With presidential elections inching ever closer in Uruguay, the candidates are plastering the capital city of Montevideo with campaign billboards promising a better life and a brighter future.
And while most of these adverts feature the requisite, Photoshopped images of the candidates with perfectly-coiffed hair and million-dollar smiles, the most powerful and effective billboard features a lone wind turbine spinning above the Uruguay countryside along with the simple caption, “The Winds Of Renovation Are Blowing.”
The billboard of note looks to the future, not with the hope of an undelivered campaign promise, but rather with the certainty of an energy independent future. With a diverse mix of wind, solar and biomass, Uruguay is on the path to becoming a net exporter of energy by 2016.
Total domestic and foreign investment in wind energy in Uruguay will reach US$2.8 billion by January 2016 when an estimated 550 wind turbines will be generating one-third of the country’s electricity…an impressive feat considering Uruguay only had one windmill in 2005 generating a lone megawatt at the national engineering university.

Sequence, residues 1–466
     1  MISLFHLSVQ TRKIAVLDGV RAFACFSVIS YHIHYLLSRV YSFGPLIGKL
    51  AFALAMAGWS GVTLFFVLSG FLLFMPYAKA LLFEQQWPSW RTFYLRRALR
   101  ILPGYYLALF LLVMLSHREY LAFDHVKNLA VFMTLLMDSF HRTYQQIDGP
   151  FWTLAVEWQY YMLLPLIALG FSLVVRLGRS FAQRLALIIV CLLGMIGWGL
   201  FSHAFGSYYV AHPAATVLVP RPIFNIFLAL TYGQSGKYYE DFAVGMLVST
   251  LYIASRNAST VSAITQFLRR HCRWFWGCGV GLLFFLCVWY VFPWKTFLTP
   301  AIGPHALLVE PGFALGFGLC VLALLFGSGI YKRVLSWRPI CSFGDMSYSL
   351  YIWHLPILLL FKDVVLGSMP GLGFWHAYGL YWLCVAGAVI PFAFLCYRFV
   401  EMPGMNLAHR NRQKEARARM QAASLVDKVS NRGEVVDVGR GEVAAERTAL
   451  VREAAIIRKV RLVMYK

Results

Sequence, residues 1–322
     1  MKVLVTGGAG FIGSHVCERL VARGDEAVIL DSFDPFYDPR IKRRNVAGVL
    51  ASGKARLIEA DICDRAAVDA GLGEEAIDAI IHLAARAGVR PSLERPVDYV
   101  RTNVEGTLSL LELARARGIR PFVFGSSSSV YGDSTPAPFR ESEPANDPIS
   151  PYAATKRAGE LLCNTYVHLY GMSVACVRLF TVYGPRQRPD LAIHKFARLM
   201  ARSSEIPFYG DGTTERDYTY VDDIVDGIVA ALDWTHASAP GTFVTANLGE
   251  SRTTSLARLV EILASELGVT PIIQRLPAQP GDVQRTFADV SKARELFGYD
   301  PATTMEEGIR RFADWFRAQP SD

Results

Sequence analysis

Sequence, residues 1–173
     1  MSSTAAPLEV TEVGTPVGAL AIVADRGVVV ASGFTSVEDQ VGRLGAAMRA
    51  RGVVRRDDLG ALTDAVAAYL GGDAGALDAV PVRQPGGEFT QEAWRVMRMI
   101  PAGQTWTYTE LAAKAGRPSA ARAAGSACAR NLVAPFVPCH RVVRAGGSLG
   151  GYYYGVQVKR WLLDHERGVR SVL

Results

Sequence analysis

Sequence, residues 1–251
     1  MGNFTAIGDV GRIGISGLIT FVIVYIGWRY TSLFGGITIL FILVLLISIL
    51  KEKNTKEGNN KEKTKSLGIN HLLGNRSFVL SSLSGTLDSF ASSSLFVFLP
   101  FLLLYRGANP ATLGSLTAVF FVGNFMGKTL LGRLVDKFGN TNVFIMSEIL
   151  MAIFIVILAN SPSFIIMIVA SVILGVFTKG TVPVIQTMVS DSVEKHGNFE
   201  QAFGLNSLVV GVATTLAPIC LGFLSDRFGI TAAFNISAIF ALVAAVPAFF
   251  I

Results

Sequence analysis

Just this week, the national electric utility, UTE, announced the construction of the Arias Wind Park Project, a US$170 million facility with 35 turbines in the southwestern Department of Flores. Arias joins a growing list of wind parks nationwide including Juan Pablo Terra in Artigas, Valentines in Treinta y Tres, Pampa in Tacuarembo and Brazil-backed Electrobras, also in Flores.
Uruguay is already covering 25% of domestic energy demand with the 12 wind parks that are operating nationwide, according to national Director of Energy Ramon Mendez. The country plans to have 1,300 Mw of installed wind capacity by 2016: 460 Mw from UTE and 890 Mw from private investment. (Full Story in Spanish)
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